The Student News Site of Tarrant County College

The Collegian

The Student News Site of Tarrant County College

The Collegian

The Student News Site of Tarrant County College

The Collegian

Music Review – Lamar’s new album provides social challenge to listeners

By Brandy Voirin/reporter

Kendrick Lamar’s full of surprises, from performing on a moving truck in Los Angeles last week to releasing his highly anticipated sophomore album To Pimp a Butterfly an entire week early.

To Pimp a Butterfly, a play on Harper Lee’s To Kill A Mockingbird, is a roller-coaster ride of highs and lows. Unlike his first album, Section 80, that spoke from the experiences of the babies from the ’80s, drugs, Ronald Reagan politics and the cut-and-dry injustice of the world, the new 16-set track talks about Lamar’s current views on America now.

To Pimp A Butterfly, Kendrick Lamar
To Pimp A Butterfly, Kendrick Lamar

Lamar’s album is reminiscent of getting hit in the face with a baseball, fast and hard. As he said in a Rolling Stone interview, “If the world was happy, maybe we’d give you a happy album.”

This profanity-laced unapologetic confrontation of the black issues in America is a call to action for all.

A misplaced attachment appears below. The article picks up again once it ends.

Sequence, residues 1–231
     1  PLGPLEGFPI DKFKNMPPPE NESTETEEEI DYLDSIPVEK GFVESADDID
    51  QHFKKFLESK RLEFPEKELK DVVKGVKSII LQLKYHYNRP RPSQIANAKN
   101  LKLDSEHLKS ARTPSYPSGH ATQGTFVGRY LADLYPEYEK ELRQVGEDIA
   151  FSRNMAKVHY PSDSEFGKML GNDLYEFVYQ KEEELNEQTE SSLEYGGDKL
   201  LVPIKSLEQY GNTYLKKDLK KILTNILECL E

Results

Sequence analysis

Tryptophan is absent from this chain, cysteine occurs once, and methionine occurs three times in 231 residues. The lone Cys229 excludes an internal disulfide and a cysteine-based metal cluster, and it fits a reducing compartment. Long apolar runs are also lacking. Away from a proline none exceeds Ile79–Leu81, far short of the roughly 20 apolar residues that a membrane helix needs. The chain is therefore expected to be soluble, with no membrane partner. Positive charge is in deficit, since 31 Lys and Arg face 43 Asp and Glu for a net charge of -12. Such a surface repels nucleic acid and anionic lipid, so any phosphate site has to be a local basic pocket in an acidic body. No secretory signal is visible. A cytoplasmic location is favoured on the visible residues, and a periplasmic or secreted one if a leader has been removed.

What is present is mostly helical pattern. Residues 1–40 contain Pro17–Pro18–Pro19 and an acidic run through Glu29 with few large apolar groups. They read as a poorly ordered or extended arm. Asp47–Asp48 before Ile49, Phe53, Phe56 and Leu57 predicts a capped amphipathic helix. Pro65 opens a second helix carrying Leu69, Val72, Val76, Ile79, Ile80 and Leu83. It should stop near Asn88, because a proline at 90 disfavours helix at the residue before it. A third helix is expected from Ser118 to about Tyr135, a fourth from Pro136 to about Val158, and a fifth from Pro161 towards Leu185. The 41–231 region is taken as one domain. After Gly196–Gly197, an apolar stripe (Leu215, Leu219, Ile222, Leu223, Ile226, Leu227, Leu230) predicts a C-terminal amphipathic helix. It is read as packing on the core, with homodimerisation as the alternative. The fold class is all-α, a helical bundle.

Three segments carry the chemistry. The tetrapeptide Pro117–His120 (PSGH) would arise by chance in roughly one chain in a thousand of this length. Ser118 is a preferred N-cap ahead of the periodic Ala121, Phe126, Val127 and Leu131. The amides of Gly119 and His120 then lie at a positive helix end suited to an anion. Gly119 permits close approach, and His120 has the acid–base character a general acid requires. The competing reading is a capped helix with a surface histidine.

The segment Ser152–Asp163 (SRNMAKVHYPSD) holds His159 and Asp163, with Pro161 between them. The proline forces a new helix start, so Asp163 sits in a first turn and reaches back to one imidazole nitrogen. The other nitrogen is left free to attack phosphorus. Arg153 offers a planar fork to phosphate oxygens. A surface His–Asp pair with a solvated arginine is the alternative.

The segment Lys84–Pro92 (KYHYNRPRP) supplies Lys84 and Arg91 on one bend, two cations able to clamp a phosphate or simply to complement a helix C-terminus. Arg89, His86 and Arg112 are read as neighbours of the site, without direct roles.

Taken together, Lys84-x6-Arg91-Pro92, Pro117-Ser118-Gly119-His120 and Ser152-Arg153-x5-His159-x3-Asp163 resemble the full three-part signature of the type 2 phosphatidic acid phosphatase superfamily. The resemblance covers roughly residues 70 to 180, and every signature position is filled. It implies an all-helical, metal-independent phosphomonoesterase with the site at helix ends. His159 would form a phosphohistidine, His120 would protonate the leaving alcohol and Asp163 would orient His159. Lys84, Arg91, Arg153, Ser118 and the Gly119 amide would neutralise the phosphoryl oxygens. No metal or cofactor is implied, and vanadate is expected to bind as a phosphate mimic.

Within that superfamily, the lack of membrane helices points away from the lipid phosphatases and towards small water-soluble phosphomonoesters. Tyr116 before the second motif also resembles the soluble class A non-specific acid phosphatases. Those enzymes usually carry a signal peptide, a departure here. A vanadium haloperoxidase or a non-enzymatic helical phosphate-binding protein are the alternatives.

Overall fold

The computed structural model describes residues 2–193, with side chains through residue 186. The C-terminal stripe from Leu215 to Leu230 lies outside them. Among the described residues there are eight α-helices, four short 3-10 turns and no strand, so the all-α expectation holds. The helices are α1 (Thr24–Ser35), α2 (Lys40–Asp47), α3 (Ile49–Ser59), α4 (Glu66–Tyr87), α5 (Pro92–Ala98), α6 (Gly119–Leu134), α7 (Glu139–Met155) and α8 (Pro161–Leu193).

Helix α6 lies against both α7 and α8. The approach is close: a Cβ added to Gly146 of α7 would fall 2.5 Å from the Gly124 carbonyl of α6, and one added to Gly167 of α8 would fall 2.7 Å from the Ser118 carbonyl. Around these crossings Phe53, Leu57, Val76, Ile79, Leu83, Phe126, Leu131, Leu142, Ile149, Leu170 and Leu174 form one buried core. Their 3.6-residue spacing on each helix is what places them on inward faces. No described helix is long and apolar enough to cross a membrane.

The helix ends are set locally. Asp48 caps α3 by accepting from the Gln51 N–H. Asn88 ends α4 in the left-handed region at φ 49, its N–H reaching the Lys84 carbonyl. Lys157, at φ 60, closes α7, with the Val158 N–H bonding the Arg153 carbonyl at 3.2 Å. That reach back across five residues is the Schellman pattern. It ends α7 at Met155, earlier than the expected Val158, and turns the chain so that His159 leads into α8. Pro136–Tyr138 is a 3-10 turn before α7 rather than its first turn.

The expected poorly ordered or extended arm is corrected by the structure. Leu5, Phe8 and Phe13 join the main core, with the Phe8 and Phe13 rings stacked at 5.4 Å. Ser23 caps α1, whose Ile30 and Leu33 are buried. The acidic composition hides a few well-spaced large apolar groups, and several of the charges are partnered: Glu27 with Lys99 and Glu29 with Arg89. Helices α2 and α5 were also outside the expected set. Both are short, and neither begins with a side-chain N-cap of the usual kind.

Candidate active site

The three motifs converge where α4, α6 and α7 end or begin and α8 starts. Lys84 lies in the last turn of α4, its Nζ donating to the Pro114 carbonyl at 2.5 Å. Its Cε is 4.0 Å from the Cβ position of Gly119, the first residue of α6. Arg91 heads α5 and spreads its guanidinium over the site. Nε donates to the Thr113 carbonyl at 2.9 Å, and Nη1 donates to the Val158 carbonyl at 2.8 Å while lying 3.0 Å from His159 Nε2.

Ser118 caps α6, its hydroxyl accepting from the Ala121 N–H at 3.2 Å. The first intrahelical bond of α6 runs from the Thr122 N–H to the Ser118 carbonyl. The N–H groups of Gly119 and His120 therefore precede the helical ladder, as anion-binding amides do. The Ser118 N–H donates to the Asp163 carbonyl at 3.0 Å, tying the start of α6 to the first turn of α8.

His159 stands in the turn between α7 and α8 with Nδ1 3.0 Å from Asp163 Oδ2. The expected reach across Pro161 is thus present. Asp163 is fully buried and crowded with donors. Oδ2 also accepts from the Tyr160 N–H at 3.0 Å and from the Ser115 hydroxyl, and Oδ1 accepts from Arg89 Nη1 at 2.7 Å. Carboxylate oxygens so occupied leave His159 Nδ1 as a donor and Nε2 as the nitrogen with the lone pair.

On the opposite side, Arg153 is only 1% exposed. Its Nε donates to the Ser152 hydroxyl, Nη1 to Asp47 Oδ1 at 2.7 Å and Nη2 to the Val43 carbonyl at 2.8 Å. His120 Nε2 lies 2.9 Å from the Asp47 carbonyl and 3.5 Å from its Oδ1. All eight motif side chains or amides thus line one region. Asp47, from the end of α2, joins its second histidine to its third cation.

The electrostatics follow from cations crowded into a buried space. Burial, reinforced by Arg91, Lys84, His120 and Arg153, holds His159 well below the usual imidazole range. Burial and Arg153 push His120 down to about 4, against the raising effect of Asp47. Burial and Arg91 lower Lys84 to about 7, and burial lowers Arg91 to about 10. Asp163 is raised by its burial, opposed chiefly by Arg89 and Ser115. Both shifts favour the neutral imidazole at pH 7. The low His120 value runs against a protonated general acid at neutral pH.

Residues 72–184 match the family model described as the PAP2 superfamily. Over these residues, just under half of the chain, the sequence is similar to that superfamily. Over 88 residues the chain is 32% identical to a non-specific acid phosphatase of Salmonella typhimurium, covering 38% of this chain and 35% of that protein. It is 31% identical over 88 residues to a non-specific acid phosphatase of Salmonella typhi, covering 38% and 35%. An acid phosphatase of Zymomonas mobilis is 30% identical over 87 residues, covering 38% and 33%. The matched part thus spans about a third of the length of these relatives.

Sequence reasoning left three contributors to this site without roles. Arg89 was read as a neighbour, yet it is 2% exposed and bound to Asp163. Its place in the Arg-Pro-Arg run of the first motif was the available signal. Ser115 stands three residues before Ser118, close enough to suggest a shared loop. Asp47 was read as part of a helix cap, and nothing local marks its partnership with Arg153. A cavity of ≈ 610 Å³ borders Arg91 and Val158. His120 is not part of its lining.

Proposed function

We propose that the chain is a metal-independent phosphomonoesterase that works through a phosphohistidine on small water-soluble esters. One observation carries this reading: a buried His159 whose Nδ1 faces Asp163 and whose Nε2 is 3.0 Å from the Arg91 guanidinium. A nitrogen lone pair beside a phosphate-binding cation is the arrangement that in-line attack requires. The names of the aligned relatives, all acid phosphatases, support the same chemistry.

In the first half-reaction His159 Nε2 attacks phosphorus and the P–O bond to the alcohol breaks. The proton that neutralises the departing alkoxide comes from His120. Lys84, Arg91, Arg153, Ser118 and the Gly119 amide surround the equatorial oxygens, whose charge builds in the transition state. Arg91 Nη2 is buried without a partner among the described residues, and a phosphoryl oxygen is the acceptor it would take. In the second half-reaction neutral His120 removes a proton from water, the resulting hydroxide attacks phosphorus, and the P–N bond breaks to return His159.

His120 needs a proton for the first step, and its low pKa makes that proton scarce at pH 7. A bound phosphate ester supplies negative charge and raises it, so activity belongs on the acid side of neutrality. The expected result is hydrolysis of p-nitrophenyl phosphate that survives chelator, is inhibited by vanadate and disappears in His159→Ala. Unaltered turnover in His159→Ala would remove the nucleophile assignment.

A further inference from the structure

His album carefully orchestrates a poetic story with true-crime lyrics, God-awakening self-reflection undertones meant to enlighten the masses about our country.

In the upbeat song “King Kunta,” Lamar draws references from Alex Haley’s Roots and details how slavery is still alive today.

The lyricist then raps about his disgust with the Michael Brown killing in Ferguson and the way some black men are inadvertently institutionalizing themselves. He champions working together for the good of brotherhood while putting political views aside.

In “How Much A Dollar Cost,” he writes that he selfishly climbed to the top and needs every nickel he’s got.

But Lamar has learned a lot. He talks about what he knows for sure and what he thinks he knows while fans are invited along for the ride.

He’s wide awake now, and he’s challenging everyone to wake up as well. He cautions fans to humble themselves, let go of insecurities and focus on what matters.

In “You Ain’t Got To Lie,” he spouts off about others’ insecurities, performing circus acts to impress others, from press agents to girls, and even the homies.

He clearly says this is all unnecessary as “You Ain’t Got To Lie” to kick it. In the end, Lamar wants everyone to “be real.”

In “Complexion (A Zulu Love),” he says, “Beauty is what you make it, I used to be mistaken, different faces. Women love the creation. It all came from God.”

In the album-closing song “Mortal Man,” he says, “We ain’t got time to waste, so appreciate the time you got left.

In the end, the overtones from Lamar’s album challenge us all to make a difference.

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